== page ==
If the question is do you need Wi-Fi 6, the answer is most assuredly “maybe”. The performance improvements are substantial, but really rely on a very strong signal to get the most data throughput. Most of the new features of Wi-Fi 6 focus on the influx of devices to the standard, and dealing with many devices connected to the same access point, or devices trying to share spectrum when connected to different access points.

The addition of Orthogonal Frequency Division Multiple Access to the Wi-Fi 6 standard will likely be the most impactful change to this revision. It will allow access points to carve up their channels into smaller slices, allowing more devices to communicate at the same time with less overhead. Each device will lose out on peak throughput, but the reduced latency should help a lot, especially in very dense environments. It should help with excessive overhead on the network layer when multiple devices are sending many small packets at once, which is a very common scenario, especially in an office or stadium situation.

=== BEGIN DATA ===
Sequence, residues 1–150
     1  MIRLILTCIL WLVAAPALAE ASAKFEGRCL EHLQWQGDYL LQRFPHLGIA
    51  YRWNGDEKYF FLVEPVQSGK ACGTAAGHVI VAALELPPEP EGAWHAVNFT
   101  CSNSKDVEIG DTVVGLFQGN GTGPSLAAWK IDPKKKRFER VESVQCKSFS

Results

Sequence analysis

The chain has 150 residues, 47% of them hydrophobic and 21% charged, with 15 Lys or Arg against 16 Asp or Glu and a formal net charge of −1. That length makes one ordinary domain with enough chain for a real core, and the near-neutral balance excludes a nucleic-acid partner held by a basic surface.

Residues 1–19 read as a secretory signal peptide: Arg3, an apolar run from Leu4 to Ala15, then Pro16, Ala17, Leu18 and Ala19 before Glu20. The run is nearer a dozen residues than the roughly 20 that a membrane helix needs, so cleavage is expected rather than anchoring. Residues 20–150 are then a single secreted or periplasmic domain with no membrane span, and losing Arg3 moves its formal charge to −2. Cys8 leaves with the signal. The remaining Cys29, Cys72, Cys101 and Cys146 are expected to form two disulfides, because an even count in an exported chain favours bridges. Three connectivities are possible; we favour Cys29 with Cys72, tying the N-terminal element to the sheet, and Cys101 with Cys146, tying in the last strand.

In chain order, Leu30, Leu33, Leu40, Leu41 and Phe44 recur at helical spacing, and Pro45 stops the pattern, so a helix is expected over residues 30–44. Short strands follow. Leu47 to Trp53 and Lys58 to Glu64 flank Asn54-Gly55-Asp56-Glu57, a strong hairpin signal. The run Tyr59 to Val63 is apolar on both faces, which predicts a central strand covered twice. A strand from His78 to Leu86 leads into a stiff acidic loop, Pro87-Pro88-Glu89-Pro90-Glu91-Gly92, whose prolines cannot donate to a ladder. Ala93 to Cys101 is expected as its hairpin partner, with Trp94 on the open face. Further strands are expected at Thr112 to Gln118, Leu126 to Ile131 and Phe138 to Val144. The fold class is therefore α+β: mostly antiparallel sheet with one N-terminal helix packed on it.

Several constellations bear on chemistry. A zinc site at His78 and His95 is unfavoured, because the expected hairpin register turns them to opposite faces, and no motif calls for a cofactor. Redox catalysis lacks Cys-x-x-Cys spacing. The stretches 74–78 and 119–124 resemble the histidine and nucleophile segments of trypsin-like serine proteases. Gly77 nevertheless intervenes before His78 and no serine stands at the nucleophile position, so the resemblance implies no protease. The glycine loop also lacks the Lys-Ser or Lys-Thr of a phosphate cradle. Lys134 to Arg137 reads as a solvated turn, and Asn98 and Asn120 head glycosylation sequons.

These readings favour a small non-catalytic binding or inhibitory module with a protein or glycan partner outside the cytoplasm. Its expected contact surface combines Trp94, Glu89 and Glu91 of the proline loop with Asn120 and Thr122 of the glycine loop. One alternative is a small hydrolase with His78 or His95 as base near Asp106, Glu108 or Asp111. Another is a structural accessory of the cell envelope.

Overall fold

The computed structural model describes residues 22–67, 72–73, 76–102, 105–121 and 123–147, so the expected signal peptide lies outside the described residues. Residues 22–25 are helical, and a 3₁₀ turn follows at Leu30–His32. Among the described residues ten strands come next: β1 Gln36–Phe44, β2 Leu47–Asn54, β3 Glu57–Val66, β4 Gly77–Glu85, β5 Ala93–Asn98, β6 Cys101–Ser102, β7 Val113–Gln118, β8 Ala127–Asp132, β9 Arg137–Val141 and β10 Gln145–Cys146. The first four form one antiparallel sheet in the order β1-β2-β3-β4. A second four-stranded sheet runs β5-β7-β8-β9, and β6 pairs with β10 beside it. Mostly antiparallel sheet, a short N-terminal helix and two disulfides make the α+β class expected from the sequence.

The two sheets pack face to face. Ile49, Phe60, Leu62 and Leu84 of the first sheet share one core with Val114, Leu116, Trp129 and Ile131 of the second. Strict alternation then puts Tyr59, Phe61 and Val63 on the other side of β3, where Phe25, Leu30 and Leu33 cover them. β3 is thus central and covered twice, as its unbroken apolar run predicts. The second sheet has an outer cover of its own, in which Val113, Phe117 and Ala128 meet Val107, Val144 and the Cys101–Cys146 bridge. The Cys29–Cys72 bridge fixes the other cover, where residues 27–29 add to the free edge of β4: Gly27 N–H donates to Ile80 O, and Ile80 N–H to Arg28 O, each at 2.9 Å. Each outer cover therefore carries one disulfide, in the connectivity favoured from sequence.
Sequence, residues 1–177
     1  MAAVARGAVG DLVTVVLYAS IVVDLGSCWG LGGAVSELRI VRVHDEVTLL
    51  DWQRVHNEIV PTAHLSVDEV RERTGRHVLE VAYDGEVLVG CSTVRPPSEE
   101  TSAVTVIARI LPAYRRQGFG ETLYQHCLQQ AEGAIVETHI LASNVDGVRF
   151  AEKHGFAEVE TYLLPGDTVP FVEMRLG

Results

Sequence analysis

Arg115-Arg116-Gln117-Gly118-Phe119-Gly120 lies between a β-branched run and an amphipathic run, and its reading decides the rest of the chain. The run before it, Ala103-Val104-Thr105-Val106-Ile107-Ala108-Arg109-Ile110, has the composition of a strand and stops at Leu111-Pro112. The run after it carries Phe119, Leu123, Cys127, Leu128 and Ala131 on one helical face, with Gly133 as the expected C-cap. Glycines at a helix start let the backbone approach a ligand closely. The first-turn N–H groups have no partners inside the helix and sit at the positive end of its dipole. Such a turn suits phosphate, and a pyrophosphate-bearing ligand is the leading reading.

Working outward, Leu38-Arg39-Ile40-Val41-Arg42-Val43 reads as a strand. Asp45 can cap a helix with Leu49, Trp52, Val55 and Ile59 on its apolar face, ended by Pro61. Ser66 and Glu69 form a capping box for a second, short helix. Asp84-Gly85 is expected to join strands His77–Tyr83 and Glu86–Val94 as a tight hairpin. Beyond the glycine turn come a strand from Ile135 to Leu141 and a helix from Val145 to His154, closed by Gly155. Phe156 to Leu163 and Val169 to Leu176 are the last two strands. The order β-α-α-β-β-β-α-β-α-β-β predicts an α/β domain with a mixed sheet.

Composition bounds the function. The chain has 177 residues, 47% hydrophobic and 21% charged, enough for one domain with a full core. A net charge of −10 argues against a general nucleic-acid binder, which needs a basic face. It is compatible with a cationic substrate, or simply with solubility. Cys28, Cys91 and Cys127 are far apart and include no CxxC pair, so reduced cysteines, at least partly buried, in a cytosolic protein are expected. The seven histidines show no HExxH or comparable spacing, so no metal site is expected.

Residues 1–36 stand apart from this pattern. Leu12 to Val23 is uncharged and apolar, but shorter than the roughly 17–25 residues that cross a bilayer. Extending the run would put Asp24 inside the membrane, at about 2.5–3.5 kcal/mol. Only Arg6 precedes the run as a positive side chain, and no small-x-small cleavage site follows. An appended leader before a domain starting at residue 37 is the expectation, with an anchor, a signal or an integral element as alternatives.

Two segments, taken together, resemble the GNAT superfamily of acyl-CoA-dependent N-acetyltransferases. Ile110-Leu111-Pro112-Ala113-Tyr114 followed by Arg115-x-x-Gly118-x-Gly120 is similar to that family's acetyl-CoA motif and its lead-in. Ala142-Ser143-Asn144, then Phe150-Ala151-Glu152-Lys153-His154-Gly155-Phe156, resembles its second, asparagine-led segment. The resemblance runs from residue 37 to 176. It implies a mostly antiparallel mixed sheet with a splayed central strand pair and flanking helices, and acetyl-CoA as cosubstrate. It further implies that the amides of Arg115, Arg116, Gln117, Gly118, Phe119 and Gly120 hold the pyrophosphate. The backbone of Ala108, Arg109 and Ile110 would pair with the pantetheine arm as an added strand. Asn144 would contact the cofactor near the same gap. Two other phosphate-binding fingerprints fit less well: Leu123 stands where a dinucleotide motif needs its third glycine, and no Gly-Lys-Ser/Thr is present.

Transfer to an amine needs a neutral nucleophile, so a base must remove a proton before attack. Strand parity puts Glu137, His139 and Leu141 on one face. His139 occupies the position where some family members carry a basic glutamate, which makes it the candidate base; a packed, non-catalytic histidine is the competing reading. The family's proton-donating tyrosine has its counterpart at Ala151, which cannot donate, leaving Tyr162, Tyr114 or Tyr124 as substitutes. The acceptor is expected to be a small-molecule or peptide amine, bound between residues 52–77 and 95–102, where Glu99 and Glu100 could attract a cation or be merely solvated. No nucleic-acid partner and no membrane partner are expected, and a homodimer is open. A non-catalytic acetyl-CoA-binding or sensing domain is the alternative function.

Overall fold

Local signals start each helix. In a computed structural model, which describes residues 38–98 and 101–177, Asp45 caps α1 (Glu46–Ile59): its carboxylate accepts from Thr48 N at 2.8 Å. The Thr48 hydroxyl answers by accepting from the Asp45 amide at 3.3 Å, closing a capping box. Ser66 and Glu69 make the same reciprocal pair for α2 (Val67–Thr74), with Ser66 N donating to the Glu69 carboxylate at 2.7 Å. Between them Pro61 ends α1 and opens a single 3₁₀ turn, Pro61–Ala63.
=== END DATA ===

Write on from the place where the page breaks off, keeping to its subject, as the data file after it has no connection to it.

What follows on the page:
Multi-User MIMO was in the Wi-Fi 5 specification as an optional implementation, and as such it did not really take off. Wi-Fi 6 should make this more prevalent, and also adds support to the MU-MIMO on the uplink, not just the downlink side. This will increase the capacity of access points for higher-speed use cases, but MU-MIMO did not get a lot of traction in Wi-Fi 5 so we will have to see how much adoption it gets in Wi-Fi 6.

The wider 160 MHz channels will offer significantly more throughput in the home environment, as we saw in our performance tests. As with the 1024-level QAM though, to see the biggest benefit you will need a strong signal. The vast majority of home networking is still limited to 1 Gigabit Ethernet, which puts Wi-Fi 6 into somewhat of an awkward spot, since it can transfer faster than most wired home networks, but even so, that is still a significant improvement over Wi-Fi 5 which would cap out around 600 Mbps on the best Wi-Fi adapters. If you work with a lot of large files, and you prefer to use Wi-Fi instead of the more consistent, yet cumbersome Ethernet, there’s still a nice boost to be had.